President L. Brice Chandler of the new McAllen West stake says that in addition to planning and coordinating missionary work, leaders frequently retell member missionary success stories to help everyone feel they can be part of the work. “We’re trying to make [missionary work] something members can get excited about.” When members pray for the Lord to send people to them and those people are baptized, he explains, new converts will likely stay active because they already have a friend in the Church.
Presidents of both McAllen stakes say member retention has improved. President Larry B. Wilson of the McAllen stake says, “I’m focusing on retention.”
Federico and Francisca Beltrán of the McAllen stake’s Edinburg Ward are among those members who have long enjoyed missionary work. Their ward has averaged about five baptisms per month, partly because of several families like the Beltráns who are active in fellowshipping and ready to work closely with the missionaries. Brother Beltrán was formerly ward mission leader. He says that each Sunday in the ward’s missionary coordination meeting, there was instruction from the Church’s missionary guide, Preach My Gospel, as well as practice in role-playing and in giving new-member discussions.
Why are the Beltráns so involved in missionary work? “We have five children,” Sister Beltrán explains. “We want to set an example for them.”
The Lord frequently leads missionaries to families prepared to hear the gospel—people like Erasmo Esparza and his wife and children.
Sister Esparza was a member but not active when the missionaries knocked on their door. Brother Esparza explained to the missionaries that she was ill and that the house needed cleaning, so he could not let them in. They asked if they could return later. They did, and he is grateful now that the missionaries offered a blessing to his wife. She accepted, and the missionaries began teaching the family.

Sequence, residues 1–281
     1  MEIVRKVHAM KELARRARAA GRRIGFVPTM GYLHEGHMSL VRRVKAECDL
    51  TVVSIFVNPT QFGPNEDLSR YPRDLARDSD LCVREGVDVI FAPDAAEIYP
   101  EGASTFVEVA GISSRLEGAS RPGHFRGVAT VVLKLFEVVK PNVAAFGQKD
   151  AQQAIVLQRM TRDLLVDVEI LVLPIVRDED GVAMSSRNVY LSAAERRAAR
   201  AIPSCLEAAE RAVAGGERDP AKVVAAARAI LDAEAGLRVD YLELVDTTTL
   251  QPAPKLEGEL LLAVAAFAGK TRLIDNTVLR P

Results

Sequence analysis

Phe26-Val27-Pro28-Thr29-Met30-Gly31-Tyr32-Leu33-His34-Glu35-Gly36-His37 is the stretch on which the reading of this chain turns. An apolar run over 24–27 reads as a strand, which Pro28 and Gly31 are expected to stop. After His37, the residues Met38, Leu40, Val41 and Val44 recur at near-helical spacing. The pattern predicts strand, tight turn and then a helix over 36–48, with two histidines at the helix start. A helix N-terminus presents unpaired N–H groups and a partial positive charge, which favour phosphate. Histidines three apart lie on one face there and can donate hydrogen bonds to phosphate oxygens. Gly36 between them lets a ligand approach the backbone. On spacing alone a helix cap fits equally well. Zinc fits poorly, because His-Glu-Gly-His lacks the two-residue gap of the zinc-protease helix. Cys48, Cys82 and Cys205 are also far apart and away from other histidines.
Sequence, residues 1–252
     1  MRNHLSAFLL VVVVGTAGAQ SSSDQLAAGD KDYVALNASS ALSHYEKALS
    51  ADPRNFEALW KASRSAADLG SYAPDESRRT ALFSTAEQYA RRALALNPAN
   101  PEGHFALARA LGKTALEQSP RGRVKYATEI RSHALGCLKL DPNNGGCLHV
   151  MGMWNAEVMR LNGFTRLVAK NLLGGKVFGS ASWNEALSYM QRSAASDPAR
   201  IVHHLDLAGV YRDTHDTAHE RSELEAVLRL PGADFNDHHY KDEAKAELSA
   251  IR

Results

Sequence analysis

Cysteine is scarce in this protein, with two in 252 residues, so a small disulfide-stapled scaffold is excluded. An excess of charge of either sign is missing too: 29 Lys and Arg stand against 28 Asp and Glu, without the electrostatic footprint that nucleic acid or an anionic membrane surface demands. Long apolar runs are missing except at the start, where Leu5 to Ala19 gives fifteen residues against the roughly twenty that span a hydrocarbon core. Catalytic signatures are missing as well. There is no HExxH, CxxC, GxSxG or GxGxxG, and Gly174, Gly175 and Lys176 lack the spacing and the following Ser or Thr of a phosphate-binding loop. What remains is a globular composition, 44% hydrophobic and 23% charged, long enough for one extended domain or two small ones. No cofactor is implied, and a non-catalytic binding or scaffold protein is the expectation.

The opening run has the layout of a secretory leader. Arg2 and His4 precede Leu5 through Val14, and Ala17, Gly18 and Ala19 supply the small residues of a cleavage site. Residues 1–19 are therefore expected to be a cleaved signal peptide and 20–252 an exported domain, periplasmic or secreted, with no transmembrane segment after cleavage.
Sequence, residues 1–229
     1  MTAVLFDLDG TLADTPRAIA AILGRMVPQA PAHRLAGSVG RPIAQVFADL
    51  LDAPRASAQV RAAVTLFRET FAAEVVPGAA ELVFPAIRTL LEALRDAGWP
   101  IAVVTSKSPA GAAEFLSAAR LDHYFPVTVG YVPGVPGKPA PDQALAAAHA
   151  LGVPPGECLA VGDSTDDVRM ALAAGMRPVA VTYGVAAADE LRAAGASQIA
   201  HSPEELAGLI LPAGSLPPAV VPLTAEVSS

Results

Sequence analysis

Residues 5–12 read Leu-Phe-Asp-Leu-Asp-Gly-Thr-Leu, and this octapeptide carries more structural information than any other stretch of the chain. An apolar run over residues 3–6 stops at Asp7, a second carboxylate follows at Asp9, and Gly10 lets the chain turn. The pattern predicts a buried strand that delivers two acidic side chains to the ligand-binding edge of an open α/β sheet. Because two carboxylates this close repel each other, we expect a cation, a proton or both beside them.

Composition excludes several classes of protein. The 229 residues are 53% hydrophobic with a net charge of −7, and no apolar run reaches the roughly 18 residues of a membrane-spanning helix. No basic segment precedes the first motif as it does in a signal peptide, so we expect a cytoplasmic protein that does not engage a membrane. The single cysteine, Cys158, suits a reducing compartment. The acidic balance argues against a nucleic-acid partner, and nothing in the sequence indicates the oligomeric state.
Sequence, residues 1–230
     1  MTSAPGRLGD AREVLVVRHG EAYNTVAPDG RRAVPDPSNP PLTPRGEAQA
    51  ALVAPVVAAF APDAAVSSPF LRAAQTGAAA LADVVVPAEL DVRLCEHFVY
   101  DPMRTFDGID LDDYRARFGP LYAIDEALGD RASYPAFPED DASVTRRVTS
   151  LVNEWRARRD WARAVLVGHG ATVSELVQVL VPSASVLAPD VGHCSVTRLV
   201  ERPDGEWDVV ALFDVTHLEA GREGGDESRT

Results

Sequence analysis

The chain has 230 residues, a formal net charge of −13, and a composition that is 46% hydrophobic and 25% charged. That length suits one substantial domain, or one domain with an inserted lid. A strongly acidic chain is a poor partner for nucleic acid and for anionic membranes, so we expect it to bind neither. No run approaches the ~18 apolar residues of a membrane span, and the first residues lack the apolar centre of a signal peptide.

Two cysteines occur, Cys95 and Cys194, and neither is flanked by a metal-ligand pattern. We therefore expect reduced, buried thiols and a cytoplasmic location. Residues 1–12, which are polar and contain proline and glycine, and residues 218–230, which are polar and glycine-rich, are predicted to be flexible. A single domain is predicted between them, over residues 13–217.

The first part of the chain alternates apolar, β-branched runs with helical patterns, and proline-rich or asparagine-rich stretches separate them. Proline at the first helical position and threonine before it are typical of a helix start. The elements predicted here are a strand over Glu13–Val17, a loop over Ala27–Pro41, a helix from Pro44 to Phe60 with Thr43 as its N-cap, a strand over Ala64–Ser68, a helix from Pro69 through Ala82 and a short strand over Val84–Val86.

The Esparzas faced opposition from extended family members and friends who urged them not to abandon their religious tradition. But in the end, Brother Esparza says, he decided he had to do what the Holy Ghost told him was right. Jeffrey, the Esparzas’ oldest son, also faced opposition from friends at school who argued about doctrine. “But I shrugged it off,” he says. “I knew what was right.” He quotes the words of Paul: “For I am not ashamed of the gospel of Christ” (Romans 1:16).
When Jeffrey and his father were baptized in 2007, Sister Esparza began going to church again. (The Esparzas’ youngest son, Joseph, was not yet eight.) “Even after we were baptized, we were still hit with a lot of opposition,” Brother Esparza recalls. But they persevered in the gospel and were sealed as a family in the San Antonio Texas Temple in July 2008. Brother Esparza points out that every Latter-day Saint is familiar with James 1:5, the scripture that motivated Joseph Smith to walk into the Sacred Grove and ask God about truth, but there is great comfort in the rest of that chapter of scripture, which teaches about patience and perseverance amid trials.